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Celtics guard Marcus Smart playing with a bruised left shoulder

Marcus Smart said an MRI revealed no structural damage to his shoulder.Kevin C. Cox/Getty

DETROIT — It wouldn’t be an NBA season without Marcus Smart nursing an injury and Friday he revealed he’s been playing with a bruised left shoulder sustained in a collision with Indiana’s Malcolm Brogdon Sunday.

Smart will play with the shoulder wrapped under his black, fitted compression shirt.

“It’s just a contusion,” he said. “I don’t know how the contusion happened. I don’t know if I was hit [during the collision] or something that was a freak accident. We don’t really know exactly what’s going on because the X-rays came back fine.”

Smart said an MRI revealed no structural damage.

“Just trying to figure out what’s really going on,” he said. “It’s nothing major that’s going to keep me from playing.”

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Smart’s scoring average has dipped because he’s taking less shots but his 3-point percentage is an encouraging 42.9 through five games and he’s produced a 4-to-1 assist-to-turnover ratio as the team’s primary point guard.

Getting experience

The blowout win over the Memphis Grizzlies Wednesday allowed coach Brad Stevens to get players such as Carsen Edwards, Aaron Nesmith, Tremont Waters and Tacko Fall more than just last-minute appearances. With the Celtics depth in some areas, it’s going to be difficult for those youngsters to break into the rotation.

Rookie Payton Pritchard already has carved out second-unit minutes but Stevens appears content with his rotations.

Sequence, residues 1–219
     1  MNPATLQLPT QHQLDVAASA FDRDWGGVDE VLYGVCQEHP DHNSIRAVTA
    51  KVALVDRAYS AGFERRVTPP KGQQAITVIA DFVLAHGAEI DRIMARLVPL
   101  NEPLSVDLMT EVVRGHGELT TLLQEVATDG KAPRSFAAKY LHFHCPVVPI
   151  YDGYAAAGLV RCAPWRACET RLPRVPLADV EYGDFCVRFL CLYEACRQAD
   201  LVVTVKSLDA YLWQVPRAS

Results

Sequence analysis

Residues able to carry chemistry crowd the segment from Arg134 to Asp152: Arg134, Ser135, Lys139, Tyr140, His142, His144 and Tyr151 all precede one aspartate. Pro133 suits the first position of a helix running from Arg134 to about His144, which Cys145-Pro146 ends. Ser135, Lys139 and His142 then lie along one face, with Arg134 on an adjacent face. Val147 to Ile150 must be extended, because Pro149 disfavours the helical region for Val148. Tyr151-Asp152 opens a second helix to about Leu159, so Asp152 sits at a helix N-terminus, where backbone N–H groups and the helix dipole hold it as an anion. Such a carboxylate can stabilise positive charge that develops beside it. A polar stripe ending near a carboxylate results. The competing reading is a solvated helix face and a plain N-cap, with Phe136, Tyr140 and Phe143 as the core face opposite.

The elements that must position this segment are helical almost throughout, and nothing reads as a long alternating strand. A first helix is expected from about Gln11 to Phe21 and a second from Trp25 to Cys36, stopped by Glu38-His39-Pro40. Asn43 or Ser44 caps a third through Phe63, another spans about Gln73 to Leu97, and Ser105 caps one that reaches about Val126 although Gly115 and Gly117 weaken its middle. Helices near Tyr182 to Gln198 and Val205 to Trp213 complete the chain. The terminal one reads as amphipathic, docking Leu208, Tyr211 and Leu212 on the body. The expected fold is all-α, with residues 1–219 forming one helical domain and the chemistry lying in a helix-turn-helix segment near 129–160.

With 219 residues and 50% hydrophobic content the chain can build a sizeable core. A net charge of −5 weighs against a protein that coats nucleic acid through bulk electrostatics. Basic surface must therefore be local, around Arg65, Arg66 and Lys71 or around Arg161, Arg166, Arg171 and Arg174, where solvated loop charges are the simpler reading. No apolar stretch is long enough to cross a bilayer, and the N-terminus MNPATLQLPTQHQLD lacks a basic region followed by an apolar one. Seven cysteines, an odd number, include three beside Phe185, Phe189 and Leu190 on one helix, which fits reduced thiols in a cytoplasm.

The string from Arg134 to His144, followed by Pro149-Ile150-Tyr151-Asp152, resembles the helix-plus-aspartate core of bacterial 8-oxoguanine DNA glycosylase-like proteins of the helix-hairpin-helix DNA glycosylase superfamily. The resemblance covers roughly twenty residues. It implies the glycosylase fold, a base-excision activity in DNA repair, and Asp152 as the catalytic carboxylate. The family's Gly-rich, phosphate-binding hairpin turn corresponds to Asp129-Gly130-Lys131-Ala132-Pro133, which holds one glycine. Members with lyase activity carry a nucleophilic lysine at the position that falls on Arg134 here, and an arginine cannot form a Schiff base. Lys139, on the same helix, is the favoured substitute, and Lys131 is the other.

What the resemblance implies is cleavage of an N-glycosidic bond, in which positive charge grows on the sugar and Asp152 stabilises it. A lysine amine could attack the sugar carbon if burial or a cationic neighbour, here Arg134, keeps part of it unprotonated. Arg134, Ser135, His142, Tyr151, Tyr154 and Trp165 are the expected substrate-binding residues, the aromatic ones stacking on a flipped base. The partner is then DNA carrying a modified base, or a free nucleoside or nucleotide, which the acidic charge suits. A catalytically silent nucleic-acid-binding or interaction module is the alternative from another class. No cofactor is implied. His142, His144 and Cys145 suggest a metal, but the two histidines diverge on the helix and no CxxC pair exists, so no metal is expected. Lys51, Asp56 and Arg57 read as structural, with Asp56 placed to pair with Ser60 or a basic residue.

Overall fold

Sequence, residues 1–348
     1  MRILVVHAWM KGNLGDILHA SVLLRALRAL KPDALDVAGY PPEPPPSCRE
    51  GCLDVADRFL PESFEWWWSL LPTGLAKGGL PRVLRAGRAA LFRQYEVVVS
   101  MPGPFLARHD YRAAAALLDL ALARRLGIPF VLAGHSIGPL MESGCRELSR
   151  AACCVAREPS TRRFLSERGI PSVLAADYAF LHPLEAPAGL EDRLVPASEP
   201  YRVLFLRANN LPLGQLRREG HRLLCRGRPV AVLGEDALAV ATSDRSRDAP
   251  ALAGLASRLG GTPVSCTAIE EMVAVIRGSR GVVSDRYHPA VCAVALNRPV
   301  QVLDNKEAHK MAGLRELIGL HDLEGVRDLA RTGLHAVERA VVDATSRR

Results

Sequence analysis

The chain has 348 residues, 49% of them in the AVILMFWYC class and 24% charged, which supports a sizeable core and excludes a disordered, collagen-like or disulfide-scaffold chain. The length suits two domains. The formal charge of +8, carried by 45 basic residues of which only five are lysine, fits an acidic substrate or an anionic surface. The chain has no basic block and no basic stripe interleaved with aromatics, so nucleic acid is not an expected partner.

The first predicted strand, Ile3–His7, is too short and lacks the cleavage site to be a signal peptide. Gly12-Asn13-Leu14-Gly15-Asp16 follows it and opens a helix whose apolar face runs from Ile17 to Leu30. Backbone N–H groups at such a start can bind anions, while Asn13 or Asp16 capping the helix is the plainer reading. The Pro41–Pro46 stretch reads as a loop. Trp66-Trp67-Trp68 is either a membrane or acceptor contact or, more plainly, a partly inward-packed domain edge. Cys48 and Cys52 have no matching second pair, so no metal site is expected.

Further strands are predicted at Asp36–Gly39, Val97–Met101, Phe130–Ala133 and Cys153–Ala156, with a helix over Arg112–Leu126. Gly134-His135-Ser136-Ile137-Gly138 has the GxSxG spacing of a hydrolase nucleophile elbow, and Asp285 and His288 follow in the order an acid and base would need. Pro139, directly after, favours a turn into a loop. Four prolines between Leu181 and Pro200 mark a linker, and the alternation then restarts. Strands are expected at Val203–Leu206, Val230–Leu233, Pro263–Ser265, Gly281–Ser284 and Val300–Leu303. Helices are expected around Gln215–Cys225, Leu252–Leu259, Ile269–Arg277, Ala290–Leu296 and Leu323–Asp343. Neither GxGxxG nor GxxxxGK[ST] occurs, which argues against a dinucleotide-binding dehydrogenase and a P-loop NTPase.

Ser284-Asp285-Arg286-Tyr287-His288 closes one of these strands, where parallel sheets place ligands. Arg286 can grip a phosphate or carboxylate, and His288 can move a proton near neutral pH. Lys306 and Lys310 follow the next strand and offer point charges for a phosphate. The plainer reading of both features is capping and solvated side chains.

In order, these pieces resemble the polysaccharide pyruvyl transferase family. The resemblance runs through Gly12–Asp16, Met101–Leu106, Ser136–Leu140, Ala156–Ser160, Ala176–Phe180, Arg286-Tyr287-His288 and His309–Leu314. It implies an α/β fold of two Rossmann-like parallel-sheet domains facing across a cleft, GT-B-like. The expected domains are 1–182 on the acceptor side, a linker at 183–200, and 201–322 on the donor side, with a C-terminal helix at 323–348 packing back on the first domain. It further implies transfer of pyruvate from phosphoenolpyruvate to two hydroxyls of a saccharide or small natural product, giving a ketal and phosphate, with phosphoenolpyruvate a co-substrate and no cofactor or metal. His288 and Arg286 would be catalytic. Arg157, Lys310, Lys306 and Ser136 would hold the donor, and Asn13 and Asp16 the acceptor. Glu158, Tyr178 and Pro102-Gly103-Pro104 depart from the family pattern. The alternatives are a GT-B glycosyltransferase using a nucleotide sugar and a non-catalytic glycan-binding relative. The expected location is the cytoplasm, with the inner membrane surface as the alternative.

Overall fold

“Well, the hard part about getting more minutes is that there are guys ahead of them,” Stevens said. “So, not only do you have to be really good, prepare and get better, you also have to displace the person in front of you. All of those things are really hard. I thought that they all provided good things the other day.”

Edwards appeared to make the most of his minutes with 9 points, 3 rebounds and 2 assists in 12 minutes. He has been trying to gain more of a role as a bench scorer.

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“I was specifically impressed with the way that Carsen came out and played that entire fourth quarter,” Stevens said. “I thought he did a really good job not only making shots, but also driving the ball and making the right play. So, I thought they all had really good moments, listen, they all are working hard. We don’t get the chance to practice right now, with this stretch you just can’t.

“So, we are doing our team work in the video room, we are doing our team work in meetings and we are doing our team work at shootarounds when we can have them, but those are really, really limited timeframes. So, a lot of the stuff that they are doing are individuals or in small groups, and they have done that religiously — they are working hard at it. But you know, it is the NBA, there are really good players ahead of you sometimes. So, it’s not just about how hard you are working and how much you are improving. Sometimes it’s about health and opportunity through that — and/or you have to beat somebody out.”

Gift away

The players and coaches exchanged gifts Thursday evening in their hotel in suburban Detroit. Smart said he received some 12-year-old whiskey that was nabbed by another teammate so he ended up with a karaoke set. Stevens did get anything and said he was sleeping by the time midnight struck.

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Pistons’ Griffin out

The Celtics may catch a break during this two-game series with the Pistons as former All-Star Blake Griffin is in the league’s concussion protocol and likely will be unavailable for Sunday’s second game … Guard Javonte Green remains out because of COVID-19 protocols and did not travel with the team. That allowed Fall to be on the active list for the second consecutive game … Family members were allowed to attend Friday’s game at Little Caesars Arena and they were socially distanced in the first level. The rest of the level was covered with red tarp.


Gary Washburn is a Globe columnist. He can be reached at gary.washburn@globe.com. Follow him on Twitter @GwashburnGlobe.